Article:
RPCV Anthropologists

If there is one career that the Peace Corps has fostered (besides that of a writer!) it is the one of Anthropology Scholar. The classrooms of  colleges teaching Anthropology are full of RPCV professors. (You can hear them saying right now, “When I was in (fill-in-the-blank)…etc.

Ron Schwarz (Colombia 1961-63) is an anthropologist, and he was kind enough to send me the link to the December print and online publication of the American Anthropology Association – Anthropology News – features stories about Anthropology and the Peace Corps. It is online at: http://www.anthropology-news.org/index.php/category/in-focus/

Read what Ron and: Ralph Bolton (Peru 1962-64); Michael Sheridan (Kenya 1988-90); Frank Hutchins (Ecuador 1983-85); Scott Freeman (Dominican Republic 2005-07); Veronica Muoiro (Jordon 2011–) and others RPCVs have to say about the transition from being a PCV to that of a scholar studying their host countries, as well as, other parts of the world.

You don’t have to be a PCV to be an Anthropologist, but it wouldn’t hurt.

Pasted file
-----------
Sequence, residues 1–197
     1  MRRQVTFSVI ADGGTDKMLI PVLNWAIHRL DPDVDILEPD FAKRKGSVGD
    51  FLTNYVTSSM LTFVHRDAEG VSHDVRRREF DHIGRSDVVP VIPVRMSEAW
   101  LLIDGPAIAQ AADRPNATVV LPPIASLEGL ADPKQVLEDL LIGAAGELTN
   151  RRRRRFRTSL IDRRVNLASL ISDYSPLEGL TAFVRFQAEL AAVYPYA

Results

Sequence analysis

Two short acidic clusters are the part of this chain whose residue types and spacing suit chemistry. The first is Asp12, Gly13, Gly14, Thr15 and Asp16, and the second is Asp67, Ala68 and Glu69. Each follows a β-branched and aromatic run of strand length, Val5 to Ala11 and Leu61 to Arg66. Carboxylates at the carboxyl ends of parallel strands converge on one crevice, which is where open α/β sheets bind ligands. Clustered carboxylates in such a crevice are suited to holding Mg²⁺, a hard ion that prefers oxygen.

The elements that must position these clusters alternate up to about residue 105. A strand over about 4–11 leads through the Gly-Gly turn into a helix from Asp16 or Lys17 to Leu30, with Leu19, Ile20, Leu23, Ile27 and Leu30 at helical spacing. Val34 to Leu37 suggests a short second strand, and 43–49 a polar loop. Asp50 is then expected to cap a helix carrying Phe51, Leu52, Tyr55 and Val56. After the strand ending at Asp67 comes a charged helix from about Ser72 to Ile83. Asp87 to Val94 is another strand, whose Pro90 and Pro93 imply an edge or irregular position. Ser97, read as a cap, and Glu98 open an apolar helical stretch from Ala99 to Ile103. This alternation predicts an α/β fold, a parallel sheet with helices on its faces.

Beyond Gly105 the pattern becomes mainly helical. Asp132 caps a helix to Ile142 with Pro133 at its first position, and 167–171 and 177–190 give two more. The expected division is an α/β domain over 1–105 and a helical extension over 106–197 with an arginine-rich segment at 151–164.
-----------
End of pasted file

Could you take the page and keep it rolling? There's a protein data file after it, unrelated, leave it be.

2 Comments

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  • Thanks John and Ron……

    I think anthropologists, like writers, are joining the endangerd species club of RPCV’s. The preferred skill category seems to business or conflict resolution major. I recently met a PC reject chap, said he was majoring in philosophy and the humanities!

  • It is very interesting to read about the topic of PCVs becoming anthropologists. In our Ecuador I training group there was a married couple who stated quite bluntly that they were anthropologists and were joining the Peace Corps to further their studies of other cultures. At the end of training they were asked to leave and did not go on past the training. It seemed that the PC trainers suspected their primary motives. On other other hand, if one becomes an anthropologist after service in the Peace Corps, the motivation might arise as a result of that service.

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